A decade on the oil market: how the US shale boom changed the game

Economic opinion

A decade on the oil market: how the US shale boom changed the game


The last decade witnessed a major structural shift in the oil market that reshaped the global energy landscape. While oil prices remained comfortably anchored above $100 a barrel at the beginning of the decade, the price collapse in 2014-2016 ushered in an era of lower oil prices. The main trigger was the US shale revolution, a historic boom in unconventional oil production with far-reaching implications. For starters, the highly responsive model of US producers helps to keep oil prices range-bound and cushions the impact of geopolitical shocks. What’s more, the shale oil boom that turned the US into the world’s largest producer has made the American economy far less vulnerable to price shocks and has strengthened its energy security. 

The last decade witnessed a major transformation of global energy balances. The oil market stands as a prime example with a gradual shift from an era of high oil prices and concerns about short supplies to an era of lower oil prices and supply abundance. Such a paradigmatic shift in supply dynamics was triggered by the US shale oil revolution, a massive boom in unconventional oil production that turned the country into the world’s largest producer, ahead of Russia and Saudi Arabia. Importantly, apart from upending the global oil market, the shale revolution has had far-reaching implications for the US economy as well as for geopolitics.

Shale oil boom in numbers

The advent of the shale oil boom dates to the beginning of the 2010s when advances in hydraulic fracturing and horizontal drilling techniques made accessible (and economically viable) a vast amount of unconventional oil from tight rock formations. This has spurred the resurgence of the US oil industry with crude oil output more than doubling from 5.5 million barrels per day in 2010 to a record of nearly 13 million barrels per day in 2019 (Figure 1). As such, the shale boom now represents the largest production increase in the oil history, ahead of the first surge in Saudi output in the 1970s.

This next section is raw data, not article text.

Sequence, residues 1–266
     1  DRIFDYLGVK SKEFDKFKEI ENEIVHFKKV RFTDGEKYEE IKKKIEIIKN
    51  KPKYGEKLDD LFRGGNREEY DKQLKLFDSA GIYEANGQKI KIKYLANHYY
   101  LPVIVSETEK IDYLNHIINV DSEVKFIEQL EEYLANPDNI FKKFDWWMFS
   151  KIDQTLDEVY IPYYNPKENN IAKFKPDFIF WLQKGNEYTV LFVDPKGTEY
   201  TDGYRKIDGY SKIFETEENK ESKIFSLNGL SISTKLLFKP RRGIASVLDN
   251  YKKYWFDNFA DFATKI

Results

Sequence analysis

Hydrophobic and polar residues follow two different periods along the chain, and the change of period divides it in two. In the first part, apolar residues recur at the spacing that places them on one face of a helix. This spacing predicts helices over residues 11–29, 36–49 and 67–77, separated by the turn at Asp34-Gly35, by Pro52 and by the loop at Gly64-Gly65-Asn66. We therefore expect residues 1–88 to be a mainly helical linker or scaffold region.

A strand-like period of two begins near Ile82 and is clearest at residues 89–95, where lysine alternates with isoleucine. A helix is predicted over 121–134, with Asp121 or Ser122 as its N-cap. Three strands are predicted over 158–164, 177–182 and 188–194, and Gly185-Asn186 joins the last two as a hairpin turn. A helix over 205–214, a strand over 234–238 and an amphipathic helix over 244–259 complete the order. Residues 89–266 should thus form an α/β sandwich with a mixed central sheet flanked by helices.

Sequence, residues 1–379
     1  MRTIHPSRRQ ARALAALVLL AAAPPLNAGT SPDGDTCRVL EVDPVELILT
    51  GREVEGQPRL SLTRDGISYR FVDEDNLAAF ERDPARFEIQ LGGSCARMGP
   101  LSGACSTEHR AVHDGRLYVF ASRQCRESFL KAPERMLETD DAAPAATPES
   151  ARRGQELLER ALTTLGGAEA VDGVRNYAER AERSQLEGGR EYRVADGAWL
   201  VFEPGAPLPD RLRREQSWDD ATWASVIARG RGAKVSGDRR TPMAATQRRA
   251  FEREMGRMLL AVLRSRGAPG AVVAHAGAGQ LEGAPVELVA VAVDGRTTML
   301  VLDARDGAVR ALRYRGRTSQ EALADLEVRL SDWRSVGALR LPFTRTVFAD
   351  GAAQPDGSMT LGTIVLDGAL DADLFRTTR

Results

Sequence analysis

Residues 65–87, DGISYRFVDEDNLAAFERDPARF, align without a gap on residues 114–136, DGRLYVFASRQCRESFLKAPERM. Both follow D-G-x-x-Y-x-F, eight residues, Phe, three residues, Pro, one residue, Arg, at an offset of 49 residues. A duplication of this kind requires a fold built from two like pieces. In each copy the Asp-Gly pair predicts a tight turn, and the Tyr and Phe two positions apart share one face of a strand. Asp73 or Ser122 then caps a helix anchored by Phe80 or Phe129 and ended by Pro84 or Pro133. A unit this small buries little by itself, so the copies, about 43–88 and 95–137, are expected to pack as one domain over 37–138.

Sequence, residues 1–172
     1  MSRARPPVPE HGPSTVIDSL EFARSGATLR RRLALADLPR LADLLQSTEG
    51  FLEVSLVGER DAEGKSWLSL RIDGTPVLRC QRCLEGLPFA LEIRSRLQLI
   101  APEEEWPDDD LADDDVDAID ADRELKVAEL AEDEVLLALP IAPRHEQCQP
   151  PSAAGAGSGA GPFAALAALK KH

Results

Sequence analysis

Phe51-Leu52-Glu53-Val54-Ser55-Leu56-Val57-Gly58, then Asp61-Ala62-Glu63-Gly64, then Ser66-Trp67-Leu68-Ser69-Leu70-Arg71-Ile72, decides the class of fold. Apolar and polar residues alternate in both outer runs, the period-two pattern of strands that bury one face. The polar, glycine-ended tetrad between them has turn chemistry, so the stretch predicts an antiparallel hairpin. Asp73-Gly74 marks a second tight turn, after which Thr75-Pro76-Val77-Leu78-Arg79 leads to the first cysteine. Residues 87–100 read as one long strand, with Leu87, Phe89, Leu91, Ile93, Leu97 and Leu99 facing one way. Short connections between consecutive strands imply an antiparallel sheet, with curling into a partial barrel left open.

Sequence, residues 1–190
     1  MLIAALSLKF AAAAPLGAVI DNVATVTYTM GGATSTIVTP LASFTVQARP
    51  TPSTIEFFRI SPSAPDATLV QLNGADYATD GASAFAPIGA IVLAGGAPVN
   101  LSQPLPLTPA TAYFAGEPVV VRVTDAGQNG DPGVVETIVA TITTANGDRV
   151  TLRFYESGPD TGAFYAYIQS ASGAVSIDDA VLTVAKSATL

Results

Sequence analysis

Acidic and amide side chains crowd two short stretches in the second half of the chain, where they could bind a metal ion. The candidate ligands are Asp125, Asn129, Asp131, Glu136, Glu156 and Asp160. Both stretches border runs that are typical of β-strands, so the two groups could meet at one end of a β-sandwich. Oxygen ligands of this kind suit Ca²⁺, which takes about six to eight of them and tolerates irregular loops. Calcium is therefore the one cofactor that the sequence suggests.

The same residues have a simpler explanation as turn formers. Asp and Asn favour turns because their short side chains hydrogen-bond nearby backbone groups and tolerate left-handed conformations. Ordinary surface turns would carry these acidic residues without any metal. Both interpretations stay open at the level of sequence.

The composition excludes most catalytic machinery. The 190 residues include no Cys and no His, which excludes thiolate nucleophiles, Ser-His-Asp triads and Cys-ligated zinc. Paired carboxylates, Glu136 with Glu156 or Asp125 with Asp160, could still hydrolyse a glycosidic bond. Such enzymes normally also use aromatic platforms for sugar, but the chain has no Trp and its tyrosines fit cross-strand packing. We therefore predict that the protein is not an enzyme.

Although the first wave of the shale boom was buoyed by high oil prices, the US producers successfully managed to adapt to a sustained lower price environment. After all, oil prices collapsed from $115 to below $30 in 2014-2016 precisely because of the unprecedented shale supply surge. Essentially, a supply glut made the shale oil industry more sustainable through increased pressure on implementing cost-cutting measures and achieving further productivity gains. This proved particularly critical in the face of OPEC’s failed strategy to flood the market and force the US competitors out of the market.

The resilience of US shale eventually triggered a different response from OPEC; they joined forces with Russia and collectively started to cut output – a strategy that has been underpinning the oil market up until now. While output curbs have supported prices, they also spurred the second wave of the shale oil boom, which has been even more dynamic in terms of output growth. Hence, in 2018 and 2019 the US alone was able to satisfy all growth in global demand. The vast majority of the incremental growth comes from the Permian Basin on the border of Texas and New Mexico, where output has soared by 2.5 million barrels per day since 2017. And with a total production of 5.5 million barrels per day, its output surpassed that of Iraq, the second-largest OPEC producer.